Speak with any of the seniors involved with the Senior Tax Worker Program at the Hempfield School District, and you will be met with enthusiasm. The response is always the same, “I love working here and being a part of this program!”
In 2006, the Hempfield Board of School Directors began exploring ways to help seniors with their taxes. The goal was to provide senior-aged property owners with some economic help while at the same time helping them feel as if they are doing something to earn it. A collaboration of ideas led to the creation of the Hempfield Senior Tax Worker Program, which offers district property owners, age 65 and over, the opportunity to apply for “substitute employee” positions within the district and to designate that their net pay (after taxes) be placed in an account and applied against their tax bills. There is a cap on the earnings of $550 (or $275 apiece for a married couple who are both participating in the program).
Dan Forry, who is the chief operating officer with the Hempfield School District, points to a cooperative effort by the school district as a whole – its teachers and employees – for the program’s success. He maintains that a lot of people may think the school district is bringing people in and getting services done, but what has proven to be even more valuable are the interactions between the senior workers and the students. Intergenerational relationships have become the surprise element that is driving the success of this program. Students are given the opportunity to interact with an older generation (in a county that attracts residents from all over the nation, many young people lose that grandparent connection as a result of relocating), while the older generation is able to contribute by helping the school district as well as the students.
Josie Lehman, who was named “Senior Tax Worker of the Year 2014-2015,” can attest to that. “The first year it was offered, I thought it was literally for people who gave up eating or going to the doctor just so they could pay their taxes,” she explains. Josie soon learned otherwise. Her peers made her aware that the program is also about giving back. Her son, Brian, an art teacher with the district, encouraged both Josie and her husband, Leroy, to apply for the program.
The process begins with seniors completing an application form, which can be obtained on the Hempfield website or from the Human Resources Office. Once the application is submitted to the school district for consideration, applicants are called in for interviews, or what the district likes to call “friendly conversations.” According to Shannon Zimmerman, the district’s communications specialist, “Naming the interviews ‘friendly conversations’ seems less intimidating to the seniors and takes away any feelings of apprehension of having to sit through an interview.”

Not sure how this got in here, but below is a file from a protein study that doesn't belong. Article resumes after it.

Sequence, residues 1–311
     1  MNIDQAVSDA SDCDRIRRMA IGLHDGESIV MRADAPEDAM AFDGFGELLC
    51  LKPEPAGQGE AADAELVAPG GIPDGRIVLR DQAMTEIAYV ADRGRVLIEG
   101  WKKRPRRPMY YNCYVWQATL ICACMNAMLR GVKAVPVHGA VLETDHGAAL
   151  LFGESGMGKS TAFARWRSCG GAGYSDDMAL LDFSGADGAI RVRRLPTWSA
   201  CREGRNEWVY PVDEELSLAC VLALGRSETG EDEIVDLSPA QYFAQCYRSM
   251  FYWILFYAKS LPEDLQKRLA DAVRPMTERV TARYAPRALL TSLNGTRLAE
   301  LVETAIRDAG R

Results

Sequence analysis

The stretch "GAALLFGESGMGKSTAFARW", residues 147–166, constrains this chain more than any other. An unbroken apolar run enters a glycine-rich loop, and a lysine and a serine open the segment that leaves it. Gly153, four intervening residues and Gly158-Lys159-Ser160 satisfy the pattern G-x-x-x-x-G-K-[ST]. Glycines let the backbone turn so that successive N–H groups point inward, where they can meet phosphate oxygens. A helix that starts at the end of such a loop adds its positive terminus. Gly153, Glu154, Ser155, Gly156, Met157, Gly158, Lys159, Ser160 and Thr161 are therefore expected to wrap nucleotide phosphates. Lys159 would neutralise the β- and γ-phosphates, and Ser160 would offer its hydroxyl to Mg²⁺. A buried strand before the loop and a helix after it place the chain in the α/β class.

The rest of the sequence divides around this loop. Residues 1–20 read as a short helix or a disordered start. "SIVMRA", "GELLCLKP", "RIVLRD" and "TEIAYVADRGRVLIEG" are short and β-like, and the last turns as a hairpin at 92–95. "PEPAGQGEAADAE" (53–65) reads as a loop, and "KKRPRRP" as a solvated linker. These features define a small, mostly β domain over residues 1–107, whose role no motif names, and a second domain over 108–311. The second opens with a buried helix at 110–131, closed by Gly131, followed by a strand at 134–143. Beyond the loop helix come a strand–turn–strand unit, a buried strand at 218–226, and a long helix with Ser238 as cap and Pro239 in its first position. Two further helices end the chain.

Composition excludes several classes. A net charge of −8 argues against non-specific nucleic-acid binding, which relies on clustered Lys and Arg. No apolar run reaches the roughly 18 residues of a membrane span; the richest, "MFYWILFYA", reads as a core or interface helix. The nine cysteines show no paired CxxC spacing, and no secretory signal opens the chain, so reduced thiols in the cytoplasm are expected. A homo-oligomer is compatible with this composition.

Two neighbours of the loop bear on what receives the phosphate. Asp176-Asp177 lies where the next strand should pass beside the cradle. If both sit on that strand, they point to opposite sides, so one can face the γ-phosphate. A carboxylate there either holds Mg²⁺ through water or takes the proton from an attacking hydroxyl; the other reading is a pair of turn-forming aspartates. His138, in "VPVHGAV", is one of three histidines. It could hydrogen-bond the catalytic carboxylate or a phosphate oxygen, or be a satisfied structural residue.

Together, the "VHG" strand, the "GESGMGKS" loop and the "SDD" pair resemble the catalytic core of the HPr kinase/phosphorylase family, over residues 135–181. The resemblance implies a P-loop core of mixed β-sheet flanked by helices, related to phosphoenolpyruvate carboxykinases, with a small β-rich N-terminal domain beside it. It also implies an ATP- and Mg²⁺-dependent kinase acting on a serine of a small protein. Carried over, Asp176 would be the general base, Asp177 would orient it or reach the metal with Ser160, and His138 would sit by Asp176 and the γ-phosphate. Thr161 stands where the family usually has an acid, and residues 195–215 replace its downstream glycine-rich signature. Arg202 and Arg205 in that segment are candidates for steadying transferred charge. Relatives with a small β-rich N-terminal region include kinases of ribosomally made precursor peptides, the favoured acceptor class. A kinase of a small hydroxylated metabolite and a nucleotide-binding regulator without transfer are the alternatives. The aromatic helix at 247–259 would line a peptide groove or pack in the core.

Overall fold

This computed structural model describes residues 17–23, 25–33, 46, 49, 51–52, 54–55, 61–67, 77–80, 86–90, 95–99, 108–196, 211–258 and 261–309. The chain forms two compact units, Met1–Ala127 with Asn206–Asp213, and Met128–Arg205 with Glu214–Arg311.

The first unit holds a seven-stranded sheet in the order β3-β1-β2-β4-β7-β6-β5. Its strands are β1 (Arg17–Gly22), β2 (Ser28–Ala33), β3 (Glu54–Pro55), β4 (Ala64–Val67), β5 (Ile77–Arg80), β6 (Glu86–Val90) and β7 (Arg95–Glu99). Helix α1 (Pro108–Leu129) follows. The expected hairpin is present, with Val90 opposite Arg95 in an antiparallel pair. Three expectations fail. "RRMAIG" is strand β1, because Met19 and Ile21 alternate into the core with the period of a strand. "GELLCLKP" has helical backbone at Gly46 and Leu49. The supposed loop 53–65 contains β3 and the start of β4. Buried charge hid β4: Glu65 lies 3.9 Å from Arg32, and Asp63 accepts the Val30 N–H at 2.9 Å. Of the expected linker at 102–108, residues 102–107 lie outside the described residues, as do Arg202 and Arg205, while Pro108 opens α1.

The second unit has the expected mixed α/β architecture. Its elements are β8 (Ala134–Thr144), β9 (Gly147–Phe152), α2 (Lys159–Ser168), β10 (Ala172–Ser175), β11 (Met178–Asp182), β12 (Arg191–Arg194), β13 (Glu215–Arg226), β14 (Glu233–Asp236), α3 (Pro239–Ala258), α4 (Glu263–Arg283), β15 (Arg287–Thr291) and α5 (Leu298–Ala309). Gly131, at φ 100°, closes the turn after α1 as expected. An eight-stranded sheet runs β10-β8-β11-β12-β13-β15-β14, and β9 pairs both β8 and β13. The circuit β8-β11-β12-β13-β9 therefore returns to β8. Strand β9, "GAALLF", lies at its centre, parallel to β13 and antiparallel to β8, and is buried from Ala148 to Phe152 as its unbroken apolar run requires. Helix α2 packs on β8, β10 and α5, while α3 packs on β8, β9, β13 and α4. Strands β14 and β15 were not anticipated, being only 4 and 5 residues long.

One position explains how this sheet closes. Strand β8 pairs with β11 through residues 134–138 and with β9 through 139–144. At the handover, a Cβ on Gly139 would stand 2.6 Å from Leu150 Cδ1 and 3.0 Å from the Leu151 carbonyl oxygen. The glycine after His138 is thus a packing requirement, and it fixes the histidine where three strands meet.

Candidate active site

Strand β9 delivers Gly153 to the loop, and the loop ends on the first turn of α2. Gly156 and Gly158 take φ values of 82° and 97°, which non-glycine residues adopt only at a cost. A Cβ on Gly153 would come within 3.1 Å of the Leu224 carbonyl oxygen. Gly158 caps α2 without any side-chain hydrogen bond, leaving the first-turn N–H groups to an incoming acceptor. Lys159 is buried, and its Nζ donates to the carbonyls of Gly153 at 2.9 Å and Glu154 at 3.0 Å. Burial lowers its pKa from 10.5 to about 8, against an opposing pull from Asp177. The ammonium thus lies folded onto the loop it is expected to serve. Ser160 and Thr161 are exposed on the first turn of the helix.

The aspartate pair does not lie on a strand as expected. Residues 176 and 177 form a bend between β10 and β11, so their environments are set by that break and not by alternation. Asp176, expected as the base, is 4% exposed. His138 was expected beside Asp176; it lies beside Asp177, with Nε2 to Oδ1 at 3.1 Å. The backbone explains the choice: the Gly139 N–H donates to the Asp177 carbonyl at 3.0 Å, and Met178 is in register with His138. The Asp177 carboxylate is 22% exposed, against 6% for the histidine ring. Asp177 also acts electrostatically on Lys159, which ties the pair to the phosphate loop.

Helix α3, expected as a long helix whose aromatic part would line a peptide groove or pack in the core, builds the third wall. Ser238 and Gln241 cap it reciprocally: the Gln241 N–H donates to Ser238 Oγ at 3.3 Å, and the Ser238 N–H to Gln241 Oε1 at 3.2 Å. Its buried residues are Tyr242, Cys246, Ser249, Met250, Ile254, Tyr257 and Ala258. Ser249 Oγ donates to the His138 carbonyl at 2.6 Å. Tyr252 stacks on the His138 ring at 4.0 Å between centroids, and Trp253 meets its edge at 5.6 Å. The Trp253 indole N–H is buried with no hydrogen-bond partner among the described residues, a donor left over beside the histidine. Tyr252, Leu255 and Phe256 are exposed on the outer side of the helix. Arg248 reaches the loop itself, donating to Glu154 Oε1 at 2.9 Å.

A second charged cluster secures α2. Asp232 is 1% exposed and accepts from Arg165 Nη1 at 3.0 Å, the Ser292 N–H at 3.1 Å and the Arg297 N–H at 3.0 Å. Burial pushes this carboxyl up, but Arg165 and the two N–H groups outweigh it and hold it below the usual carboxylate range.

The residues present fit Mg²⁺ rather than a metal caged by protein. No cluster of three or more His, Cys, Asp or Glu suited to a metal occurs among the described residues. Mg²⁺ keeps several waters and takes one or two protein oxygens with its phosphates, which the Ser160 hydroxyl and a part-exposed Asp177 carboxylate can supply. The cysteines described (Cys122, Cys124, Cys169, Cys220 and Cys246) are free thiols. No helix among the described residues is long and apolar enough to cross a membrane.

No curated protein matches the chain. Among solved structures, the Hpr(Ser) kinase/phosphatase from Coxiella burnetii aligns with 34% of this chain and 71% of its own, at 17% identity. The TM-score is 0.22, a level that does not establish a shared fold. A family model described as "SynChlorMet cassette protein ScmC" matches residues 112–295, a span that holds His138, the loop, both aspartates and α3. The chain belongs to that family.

Each potentially accepted applicant must go through the standard employment clearances, including the Pennsylvania State Police Request for Criminal Records Check, Department of Public Welfare Child Abuse History Clearance and Federal Criminal History Record Information (FBI fingerprint check). The $8 criminal records and child abuse checks, as well as the $33 FBI fingerprinting fee, are paid by the applicant. A Tuberculin Tine Test is district policy as well.
Work assignments are based on interests, experience and physical ability. Some seniors choose to work at a school close to home, while others are willing to go anywhere in the district. Josie, who is retired from the district’s tax office and returns to help with occasional mailings, works primarily at the district’s elementary schools.
Surprisingly, once the senior workers have completed their hours and have reached their $550 limits, many choose to stay on and volunteer their time for the remainder of the school year. They find they really love what they are doing and want to do more. According to Dan Forry, Hempfield’s senior workers “see some of the challenges the kids face today and how phenomenal they are in what they are accomplishing, so the workers are more than eager to jump in and continue to help.”
“Stand-in volunteering” is yet another aspect that makes this program what it has become – “a program with a heart.” Once workers meet their $550 limit, they can then choose to donate their time as a “stand-in volunteer” for another senior who is unable to do so because of health issues or other personal matters. The credits the “stand-in” workers earn are then designated for another resident’s account.
“It is a great way to volunteer and give of yourself,” Josie says. She also reports that the experience has given her a new respect for teachers. “I really appreciate being a part of this program,” she confides.
Each April, Hempfield thanks its workers – 180 participated during the 2014-15 school year – by hosting a reception (the event and the Senior Tax Worker of the Year award are sponsored by Mennonite Home Communities). The district also treats its senior-aged citizens to complimentary previews of the high school’s musical and dance theatre (a very hot ticket) productions every year.
Hempfield seniors can learn more about the program by calling 898-5565 or by visiting Hempfieldsd.org. Many other Lancaster County school districts offer assistance to seniors through programs such as this or through rebate programs. Call your school district or visit its website to inquire about tax-saving opportunities for seniors.